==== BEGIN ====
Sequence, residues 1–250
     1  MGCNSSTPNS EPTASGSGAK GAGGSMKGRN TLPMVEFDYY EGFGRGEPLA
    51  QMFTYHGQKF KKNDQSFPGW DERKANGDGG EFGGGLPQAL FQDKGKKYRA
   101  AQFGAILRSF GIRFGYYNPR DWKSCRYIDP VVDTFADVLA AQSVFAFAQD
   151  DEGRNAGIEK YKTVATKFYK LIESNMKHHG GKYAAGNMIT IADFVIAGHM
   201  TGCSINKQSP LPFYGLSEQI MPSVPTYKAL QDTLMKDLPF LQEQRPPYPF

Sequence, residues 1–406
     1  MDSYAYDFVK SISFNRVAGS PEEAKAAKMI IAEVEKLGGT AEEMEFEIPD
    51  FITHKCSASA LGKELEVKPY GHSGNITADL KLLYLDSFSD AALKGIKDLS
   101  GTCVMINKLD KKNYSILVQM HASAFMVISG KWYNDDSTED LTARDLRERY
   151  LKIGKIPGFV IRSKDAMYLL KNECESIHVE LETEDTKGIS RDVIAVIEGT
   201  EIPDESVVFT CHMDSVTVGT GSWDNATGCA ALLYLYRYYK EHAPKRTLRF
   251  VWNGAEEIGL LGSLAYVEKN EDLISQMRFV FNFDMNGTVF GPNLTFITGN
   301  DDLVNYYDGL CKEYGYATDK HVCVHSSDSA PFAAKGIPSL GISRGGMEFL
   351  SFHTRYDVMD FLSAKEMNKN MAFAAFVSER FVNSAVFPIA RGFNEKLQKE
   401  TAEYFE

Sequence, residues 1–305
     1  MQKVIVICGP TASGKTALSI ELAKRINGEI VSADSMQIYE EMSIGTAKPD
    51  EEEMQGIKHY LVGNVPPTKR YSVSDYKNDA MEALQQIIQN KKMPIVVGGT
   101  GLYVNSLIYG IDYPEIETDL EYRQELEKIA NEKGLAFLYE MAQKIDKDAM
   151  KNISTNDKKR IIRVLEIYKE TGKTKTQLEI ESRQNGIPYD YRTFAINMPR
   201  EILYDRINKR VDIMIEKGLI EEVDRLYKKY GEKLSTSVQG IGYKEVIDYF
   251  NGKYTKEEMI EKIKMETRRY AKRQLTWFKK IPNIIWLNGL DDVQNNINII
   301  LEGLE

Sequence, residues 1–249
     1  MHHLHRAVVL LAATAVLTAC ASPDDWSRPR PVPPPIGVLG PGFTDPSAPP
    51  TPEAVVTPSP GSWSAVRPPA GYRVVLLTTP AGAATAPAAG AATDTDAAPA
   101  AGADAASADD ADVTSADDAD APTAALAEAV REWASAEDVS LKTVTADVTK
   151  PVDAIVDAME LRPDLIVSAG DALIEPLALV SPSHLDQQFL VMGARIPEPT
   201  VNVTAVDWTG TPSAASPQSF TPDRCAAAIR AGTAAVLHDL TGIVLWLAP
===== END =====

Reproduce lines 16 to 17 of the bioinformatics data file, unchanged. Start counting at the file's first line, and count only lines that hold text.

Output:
   401  TAEYFE

Sequence, residues 1–305